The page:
Adam Galinsky: How to speak up for yourself
Adam Galinsky - Social psychologist
Adam Galinsky teaches people all over the world how to inspire others, speak up effectively, lead teams and negotiate successfully. Full bio
of this phrase exactly one month ago,
when we got home from the hospital,
enough nutrients from breastfeeding.
to make a bad first impression
the next day,
because he was pretty dehydrated.
we can always contact her.
when we shouldn't,
when I let my twin brother down.
is a documentary filmmaker,
from a distribution company.
about this dilemma of speaking up:
are varied and diverse,
a universal tapestry.
when they make a mistake?
who keeps stepping on my toes?
my deepest insecurities?
I've come to recognize
a range of acceptable behavior.
we push ourselves too much.
his range of acceptable behavior.
we get punished in a variety of ways.
or even ostracized.
or that promotion or that deal.
our range isn't fixed;
based on the context.
that range more than anything else,
in the form of alternatives.
to a country, like an immigrant,
and someone's the subordinate.
than the other person.
we have lots of power,
our range narrows,
the low-power double bind.
we go unnoticed,
the phrase the "double bind"
and that's gender.
who don't speak up go unnoticed,
the same need as men to speak up,
over the last two decades
like a gender difference
differences in disguise.
between a man and a woman
There's something fundamentally different
for many sex differences
means that we have a narrow range,
to expand our range.
two things really matter.
in your own eyes.
in the eyes of others.
our range of acceptable behavior.
a set of tools today.
your risk of speaking up.
got discovered in negotiations
less ambitions offers
at the bargaining table.
and Emily Amanatullah have discovered
where women get the same outcomes as men
and expand it in their own mind.
"the mama bear effect."
we can discover our own voice.
to advocate for ourselves.
we have to advocate for ourselves
through the eyes of another person.
we have to expand our range.
what I really want.
your hand just like this:
a capital letter E on your forehead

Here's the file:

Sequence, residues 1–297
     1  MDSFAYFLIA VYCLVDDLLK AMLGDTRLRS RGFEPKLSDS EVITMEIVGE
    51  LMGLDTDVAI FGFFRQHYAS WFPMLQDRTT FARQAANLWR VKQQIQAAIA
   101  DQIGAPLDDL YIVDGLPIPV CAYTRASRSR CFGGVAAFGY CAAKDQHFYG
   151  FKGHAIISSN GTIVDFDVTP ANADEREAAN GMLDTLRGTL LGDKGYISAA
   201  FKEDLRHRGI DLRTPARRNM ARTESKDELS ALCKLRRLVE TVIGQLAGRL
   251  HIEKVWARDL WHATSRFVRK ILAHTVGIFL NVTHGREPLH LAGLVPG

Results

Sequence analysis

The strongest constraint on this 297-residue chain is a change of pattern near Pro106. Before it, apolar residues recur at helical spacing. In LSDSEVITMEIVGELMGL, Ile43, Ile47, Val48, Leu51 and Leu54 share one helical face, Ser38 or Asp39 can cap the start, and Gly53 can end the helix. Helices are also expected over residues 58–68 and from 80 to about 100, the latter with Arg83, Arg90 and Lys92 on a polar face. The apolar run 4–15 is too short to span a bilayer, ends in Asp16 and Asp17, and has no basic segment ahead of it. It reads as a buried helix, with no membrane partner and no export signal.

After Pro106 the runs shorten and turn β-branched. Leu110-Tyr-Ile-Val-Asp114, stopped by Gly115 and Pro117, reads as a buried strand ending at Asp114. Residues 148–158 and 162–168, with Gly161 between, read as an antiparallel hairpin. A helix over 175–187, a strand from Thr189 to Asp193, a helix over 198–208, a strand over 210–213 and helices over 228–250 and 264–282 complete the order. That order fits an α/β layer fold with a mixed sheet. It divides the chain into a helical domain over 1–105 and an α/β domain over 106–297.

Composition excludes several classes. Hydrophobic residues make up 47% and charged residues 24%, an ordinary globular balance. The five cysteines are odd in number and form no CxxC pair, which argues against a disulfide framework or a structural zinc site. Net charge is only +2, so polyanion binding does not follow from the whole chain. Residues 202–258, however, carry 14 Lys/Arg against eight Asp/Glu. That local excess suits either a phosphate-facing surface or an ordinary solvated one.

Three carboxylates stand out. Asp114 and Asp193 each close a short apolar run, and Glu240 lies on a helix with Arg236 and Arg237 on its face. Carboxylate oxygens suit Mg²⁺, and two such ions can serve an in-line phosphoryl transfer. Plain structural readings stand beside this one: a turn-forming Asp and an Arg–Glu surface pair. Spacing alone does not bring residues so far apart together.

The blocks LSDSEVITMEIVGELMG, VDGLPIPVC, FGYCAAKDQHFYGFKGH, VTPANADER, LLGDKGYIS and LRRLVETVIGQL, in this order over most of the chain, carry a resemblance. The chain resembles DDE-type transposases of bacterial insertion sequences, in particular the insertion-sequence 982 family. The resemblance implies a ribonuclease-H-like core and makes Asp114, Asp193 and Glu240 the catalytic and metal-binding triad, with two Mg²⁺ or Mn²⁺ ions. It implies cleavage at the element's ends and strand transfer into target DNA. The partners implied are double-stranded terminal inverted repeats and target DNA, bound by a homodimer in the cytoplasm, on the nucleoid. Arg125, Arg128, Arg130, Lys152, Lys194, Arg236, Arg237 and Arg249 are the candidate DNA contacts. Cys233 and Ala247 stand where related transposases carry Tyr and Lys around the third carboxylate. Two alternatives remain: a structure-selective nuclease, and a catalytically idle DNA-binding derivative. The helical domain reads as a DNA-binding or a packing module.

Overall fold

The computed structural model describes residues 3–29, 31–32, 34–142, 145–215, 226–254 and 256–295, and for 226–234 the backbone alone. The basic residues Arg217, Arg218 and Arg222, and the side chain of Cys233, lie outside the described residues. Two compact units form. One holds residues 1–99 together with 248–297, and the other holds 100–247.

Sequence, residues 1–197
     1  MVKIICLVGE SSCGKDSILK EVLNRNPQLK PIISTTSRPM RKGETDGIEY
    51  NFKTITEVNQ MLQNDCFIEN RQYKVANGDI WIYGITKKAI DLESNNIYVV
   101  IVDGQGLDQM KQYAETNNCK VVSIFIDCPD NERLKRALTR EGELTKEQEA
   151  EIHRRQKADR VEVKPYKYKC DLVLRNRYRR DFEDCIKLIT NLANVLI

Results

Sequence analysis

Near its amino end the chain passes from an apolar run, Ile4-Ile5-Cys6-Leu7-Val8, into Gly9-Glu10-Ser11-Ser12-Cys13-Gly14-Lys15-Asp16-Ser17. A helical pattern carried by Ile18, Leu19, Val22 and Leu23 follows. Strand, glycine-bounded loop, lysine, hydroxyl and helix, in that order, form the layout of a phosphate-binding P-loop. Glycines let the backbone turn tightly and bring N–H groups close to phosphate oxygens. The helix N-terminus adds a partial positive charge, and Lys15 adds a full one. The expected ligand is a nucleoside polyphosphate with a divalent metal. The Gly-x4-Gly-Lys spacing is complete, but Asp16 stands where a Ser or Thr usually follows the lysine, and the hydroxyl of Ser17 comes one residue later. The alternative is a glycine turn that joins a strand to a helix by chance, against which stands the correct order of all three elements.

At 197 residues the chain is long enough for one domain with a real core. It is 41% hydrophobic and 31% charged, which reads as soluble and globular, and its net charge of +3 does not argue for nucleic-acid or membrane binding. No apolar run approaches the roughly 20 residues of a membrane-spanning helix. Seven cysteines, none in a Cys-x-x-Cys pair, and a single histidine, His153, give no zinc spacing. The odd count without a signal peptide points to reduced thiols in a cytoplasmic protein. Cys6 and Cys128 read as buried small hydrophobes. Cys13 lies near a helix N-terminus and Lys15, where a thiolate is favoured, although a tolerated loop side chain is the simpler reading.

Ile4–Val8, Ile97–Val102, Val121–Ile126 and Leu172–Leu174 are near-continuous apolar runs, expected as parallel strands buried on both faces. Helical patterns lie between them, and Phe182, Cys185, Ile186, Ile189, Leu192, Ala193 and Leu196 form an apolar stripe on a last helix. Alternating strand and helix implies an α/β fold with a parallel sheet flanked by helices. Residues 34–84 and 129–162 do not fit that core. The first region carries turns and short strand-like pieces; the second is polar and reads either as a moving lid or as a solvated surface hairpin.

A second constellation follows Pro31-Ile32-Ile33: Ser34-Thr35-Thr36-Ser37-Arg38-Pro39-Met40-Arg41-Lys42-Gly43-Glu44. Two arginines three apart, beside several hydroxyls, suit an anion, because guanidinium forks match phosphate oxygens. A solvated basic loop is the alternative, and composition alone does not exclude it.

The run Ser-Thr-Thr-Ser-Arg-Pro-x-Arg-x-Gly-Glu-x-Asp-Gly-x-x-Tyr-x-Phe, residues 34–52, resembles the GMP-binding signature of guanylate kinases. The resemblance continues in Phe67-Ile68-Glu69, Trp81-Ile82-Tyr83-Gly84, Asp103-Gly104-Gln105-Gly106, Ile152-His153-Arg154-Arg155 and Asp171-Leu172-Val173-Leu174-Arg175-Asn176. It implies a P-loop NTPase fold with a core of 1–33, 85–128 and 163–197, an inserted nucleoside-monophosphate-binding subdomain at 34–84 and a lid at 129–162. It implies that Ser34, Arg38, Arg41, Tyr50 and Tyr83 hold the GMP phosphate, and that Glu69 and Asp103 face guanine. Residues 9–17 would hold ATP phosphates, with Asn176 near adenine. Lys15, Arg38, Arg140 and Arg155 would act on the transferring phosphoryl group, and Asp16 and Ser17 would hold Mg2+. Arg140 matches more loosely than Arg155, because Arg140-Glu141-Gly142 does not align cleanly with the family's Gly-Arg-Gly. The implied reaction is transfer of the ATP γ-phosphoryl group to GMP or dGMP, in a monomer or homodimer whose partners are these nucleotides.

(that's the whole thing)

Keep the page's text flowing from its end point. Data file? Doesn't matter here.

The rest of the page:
draw this E in one of two ways,
as a test of perspective-taking.
an E to another person.
from someone else's vantage point.
is the self-focused E.
self-focused in a crisis.
about a particular crisis.
in Watsonville, California.
up with a bomb."
didn't give him the money.
is going to be evicted
to rob the bank --
fill out the paperwork."
defused a volatile situation.
and assertive, but still be likable.
but still be likable,
and you want to sell someone a car.
if you give them two options.
and a five-year warranty.
people a choice among options,
to accept your offer.
work with salespeople;
and rejected everything.
had a brilliant idea.
and without resistance.
around the world
in my audience; when I have allies."
and the eyes of others,
especially in high places,
they like us because we flatter them,
another double bind.
about one of our accomplishments,
in their eyes but also be likeable.
when I have been forewarned
the advice to come ask me for advice.
three things about this:
to come ask me for advice.
on the strategic benefits
because they asked for advice.
more confident speaking up
we already have credibility.
we don't have the credibility.
we can come across as an expert
to go up to friend of theirs
a passion of yours to me."
about the other person
hands were coming at me."
with a little higher pitch."
as if telling me a secret."
as you listened to their passion?"
in our own eyes, to speak up,
from others to speak up.
when we come across as too weak.
at work when they shed tears.
we frame our strong emotions as passion,
disappears for both men and women.
from my late father
passion was cinema,
for my brother's wedding
in the human comedy.
and enriching your performance.
and work to improve their performance
ranges and roles in this world.
the essence of this talk:
expanding and evolving.
can use these tools --
of acceptable behavior,
About the speaker:Adam Galinsky - Social psychologist
Adam Galinsky teaches people all over the world how to inspire others, speak up effectively, lead teams and negotiate successfully.
Why you should listen
Adam Galinsky is currently the chair of the management division at Columbia Business School. He co-authored the critically acclaimed and best-selling book, Friend & Foe, which distills his two decades of research on leadership, negotiations, diversity, decision-making and ethics. The New York Times says the book performed "a significant public service" and the Financial Times declared that Friend & Foe "fulfills its promise of handing the reader tools to be a better friend and a more formidable foe."
Galinsky has received numerous national and international awards for his teaching and research. He is only the second psychologist to ever to receive the two most important mid-career Awards in Social Psychology. In 2015, he was named one of the top 50 Thinkers on Talent by Thinkers50. In recognition of the quality of his teaching and research, he was selected as one of the World's 50 Best B-School Professors by Poets and Quants (2012).
Galinsky has consulted with and conducted executive workshops for clients across the globe, including Fortune 100 firms, non-profits and local and national governments. He has served as a legal expert in multiple defamation lawsuits, including a trial where he was the sole expert witness for a plaintiff awarded $37 million in damages.
Outside of his professional life, Galinsky is the associate producer on four award-winning documentaries, including Horns and Halos and Battle for Brooklyn, which were both short-listed for Best Documentary at the Academy Awards.
Adam Galinsky | Speaker | TED.com